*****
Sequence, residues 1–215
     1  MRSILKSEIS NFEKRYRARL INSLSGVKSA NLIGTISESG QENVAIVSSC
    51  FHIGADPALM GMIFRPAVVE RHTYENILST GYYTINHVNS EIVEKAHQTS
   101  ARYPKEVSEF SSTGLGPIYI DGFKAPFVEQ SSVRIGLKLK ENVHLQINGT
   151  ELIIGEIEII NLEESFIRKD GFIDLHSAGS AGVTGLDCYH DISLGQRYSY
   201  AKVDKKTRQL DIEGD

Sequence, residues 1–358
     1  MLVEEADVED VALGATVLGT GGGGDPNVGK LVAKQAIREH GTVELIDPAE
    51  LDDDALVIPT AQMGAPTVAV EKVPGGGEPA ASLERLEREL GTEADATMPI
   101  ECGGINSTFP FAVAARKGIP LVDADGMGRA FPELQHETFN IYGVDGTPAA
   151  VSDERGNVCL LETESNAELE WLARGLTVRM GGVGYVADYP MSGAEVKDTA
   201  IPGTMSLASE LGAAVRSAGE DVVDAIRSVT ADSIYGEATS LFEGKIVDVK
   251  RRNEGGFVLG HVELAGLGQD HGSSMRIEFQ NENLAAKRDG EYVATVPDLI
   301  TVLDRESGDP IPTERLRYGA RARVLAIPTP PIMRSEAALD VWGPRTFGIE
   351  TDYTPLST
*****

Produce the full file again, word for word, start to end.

Sequence, residues 1–215
     1  MRSILKSEIS NFEKRYRARL INSLSGVKSA NLIGTISESG QENVAIVSSC
    51  FHIGADPALM GMIFRPAVVE RHTYENILST GYYTINHVNS EIVEKAHQTS
   101  ARYPKEVSEF SSTGLGPIYI DGFKAPFVEQ SSVRIGLKLK ENVHLQINGT
   151  ELIIGEIEII NLEESFIRKD GFIDLHSAGS AGVTGLDCYH DISLGQRYSY
   201  AKVDKKTRQL DIEGD

Sequence, residues 1–358
     1  MLVEEADVED VALGATVLGT GGGGDPNVGK LVAKQAIREH GTVELIDPAE
    51  LDDDALVIPT AQMGAPTVAV EKVPGGGEPA ASLERLEREL GTEADATMPI
   101  ECGGINSTFP FAVAARKGIP LVDADGMGRA FPELQHETFN IYGVDGTPAA
   151  VSDERGNVCL LETESNAELE WLARGLTVRM GGVGYVADYP MSGAEVKDTA
   201  IPGTMSLASE LGAAVRSAGE DVVDAIRSVT ADSIYGEATS LFEGKIVDVK
   251  RRNEGGFVLG HVELAGLGQD HGSSMRIEFQ NENLAAKRDG EYVATVPDLI
   301  TVLDRESGDP IPTERLRYGA RARVLAIPTP PIMRSEAALD VWGPRTFGIE
   351  TDYTPLST